Thanks so much for sharing that personal side of this visit. And I assume you find that employees are much more connected to the business after they’ve gone through this experience.
For sure. I’ve led several of these trips myself, and it’s really undeniable. I think Caitlin’s experience and what she shared really highlights the three areas of impact—business impact, personal impact, and community impact. So, from a business perspective, employees come back with a greater understanding of our business and our way of doing business that they’re really proud of. And, it strengthens the employees’ interest in our products and in our supply chain—and really makes a difference in terms of employee engagement and retention.
Your listeners are probably familiar with a Net Promoter Score. We do pre- and post-trip surveys in order to find out the impact of the experience. We ask the employees how likely it is that they’d recommend Keurig as an employer to a friend or colleague, before and after the trip, and we see a 23-point improvement in the Net Promoter Score before and after the trip, which is really significant.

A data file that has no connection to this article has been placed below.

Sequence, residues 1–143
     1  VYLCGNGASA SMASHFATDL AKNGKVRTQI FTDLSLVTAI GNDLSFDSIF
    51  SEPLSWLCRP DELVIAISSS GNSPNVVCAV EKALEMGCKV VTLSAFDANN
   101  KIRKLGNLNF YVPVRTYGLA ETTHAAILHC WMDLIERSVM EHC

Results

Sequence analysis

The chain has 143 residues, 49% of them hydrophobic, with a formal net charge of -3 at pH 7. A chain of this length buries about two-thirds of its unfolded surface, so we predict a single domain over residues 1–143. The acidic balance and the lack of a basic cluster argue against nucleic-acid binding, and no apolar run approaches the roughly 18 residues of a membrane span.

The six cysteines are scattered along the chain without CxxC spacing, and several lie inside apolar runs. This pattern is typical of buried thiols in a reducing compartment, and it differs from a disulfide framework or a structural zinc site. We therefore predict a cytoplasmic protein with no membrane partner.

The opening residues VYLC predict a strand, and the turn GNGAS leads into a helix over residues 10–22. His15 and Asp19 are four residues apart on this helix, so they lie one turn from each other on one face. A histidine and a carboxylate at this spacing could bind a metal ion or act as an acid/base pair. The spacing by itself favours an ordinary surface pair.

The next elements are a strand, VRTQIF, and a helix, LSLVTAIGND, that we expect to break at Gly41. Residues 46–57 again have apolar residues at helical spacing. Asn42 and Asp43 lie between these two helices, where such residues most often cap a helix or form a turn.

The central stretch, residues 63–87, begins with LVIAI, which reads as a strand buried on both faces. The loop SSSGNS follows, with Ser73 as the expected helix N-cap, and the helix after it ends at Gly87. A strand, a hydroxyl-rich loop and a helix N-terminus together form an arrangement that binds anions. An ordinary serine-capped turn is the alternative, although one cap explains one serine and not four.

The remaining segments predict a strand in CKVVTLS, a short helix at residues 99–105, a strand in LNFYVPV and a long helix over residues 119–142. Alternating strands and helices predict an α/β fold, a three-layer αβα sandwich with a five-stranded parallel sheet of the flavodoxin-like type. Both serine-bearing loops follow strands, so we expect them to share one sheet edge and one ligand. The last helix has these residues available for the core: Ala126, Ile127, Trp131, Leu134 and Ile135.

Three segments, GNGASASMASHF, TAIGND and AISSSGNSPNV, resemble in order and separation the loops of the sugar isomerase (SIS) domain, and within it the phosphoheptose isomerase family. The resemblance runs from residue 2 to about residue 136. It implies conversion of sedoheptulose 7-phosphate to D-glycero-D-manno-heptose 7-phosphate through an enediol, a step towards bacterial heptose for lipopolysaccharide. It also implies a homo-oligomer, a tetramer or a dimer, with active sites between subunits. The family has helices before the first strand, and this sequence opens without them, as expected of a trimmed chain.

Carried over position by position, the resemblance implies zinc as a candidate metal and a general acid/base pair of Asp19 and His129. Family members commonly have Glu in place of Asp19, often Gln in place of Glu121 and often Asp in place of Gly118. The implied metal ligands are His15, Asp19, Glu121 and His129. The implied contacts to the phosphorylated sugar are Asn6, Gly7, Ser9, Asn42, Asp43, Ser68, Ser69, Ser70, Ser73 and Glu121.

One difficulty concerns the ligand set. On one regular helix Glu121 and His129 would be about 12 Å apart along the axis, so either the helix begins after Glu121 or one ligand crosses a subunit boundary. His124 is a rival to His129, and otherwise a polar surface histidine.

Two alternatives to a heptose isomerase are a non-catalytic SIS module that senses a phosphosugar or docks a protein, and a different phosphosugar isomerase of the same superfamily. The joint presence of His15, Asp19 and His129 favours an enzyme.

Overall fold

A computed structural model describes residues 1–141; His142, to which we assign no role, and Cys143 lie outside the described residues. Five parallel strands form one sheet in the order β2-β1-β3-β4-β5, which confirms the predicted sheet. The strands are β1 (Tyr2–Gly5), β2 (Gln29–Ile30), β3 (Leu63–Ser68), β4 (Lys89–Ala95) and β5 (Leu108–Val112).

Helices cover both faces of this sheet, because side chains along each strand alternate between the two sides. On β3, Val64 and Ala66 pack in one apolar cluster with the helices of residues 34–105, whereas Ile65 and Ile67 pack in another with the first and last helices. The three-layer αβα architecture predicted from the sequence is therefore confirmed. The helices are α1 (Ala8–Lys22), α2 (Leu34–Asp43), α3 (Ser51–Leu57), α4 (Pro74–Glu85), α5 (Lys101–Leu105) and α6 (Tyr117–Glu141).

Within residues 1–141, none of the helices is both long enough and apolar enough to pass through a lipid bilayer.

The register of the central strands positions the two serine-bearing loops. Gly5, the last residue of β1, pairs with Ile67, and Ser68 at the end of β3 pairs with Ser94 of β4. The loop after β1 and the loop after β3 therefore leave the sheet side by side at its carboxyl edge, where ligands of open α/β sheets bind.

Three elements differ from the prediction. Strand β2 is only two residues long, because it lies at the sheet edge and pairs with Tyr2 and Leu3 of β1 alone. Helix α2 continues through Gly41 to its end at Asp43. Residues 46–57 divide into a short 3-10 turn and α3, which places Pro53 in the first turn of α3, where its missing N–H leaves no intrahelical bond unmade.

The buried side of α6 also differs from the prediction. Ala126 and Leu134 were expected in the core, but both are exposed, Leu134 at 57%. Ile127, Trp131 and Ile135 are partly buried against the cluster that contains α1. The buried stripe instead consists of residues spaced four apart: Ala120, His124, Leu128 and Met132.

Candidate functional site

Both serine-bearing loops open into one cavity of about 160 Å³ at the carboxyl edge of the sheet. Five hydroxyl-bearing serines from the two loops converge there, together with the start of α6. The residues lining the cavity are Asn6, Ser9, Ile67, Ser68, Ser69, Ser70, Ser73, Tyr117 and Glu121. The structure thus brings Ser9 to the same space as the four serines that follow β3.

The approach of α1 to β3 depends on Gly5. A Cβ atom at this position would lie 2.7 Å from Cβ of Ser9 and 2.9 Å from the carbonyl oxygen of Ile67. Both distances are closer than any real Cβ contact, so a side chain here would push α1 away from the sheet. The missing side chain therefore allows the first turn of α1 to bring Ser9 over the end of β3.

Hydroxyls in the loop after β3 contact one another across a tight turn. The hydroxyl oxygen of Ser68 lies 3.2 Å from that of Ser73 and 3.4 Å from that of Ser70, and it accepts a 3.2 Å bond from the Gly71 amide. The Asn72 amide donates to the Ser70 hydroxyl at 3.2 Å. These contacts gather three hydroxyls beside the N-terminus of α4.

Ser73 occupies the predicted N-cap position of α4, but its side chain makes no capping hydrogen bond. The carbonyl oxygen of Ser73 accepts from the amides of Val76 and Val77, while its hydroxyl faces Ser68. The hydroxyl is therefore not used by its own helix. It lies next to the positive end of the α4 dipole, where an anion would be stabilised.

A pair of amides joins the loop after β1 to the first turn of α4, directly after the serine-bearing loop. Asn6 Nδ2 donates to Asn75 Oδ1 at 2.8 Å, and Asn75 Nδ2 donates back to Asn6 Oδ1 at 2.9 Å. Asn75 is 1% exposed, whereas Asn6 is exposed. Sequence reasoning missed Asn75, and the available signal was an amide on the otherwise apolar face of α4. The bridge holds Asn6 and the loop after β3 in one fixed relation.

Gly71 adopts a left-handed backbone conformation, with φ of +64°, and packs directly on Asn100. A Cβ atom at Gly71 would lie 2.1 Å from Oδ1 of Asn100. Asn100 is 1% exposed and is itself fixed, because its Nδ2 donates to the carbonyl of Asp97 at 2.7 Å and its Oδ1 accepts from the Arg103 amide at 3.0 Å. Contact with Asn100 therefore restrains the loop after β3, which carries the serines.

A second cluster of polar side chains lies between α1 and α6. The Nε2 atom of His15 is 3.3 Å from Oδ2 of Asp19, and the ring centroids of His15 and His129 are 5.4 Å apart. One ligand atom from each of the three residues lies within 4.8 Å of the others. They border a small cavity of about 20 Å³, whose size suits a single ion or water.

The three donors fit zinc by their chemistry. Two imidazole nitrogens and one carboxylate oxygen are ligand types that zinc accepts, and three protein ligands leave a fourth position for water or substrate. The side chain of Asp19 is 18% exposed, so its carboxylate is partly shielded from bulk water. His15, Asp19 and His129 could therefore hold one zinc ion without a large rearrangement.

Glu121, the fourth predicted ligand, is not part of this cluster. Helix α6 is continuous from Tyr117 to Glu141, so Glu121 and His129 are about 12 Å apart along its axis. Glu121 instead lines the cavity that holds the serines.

So, we see true business impact as a result of these trips. But we also see the personal impact. It’s a meaningful personal experience, and it creates connections between employees that have shared this life-changing experience together. And that’s often across sites and functions, which has a benefit both personally but also professionally, as we try and get employees to interact with others outside of their departments more.
And, then, there is a community impact. Our supply chain is very proud to welcome visitors. It signals to them that we value them and that we think it’s important that our employees understand what they do. And it also helps the employees have a better awareness of the challenges that farmers face and really drives their commitment to achieving our sustainability targets, which are quite ambitious within our supply chain.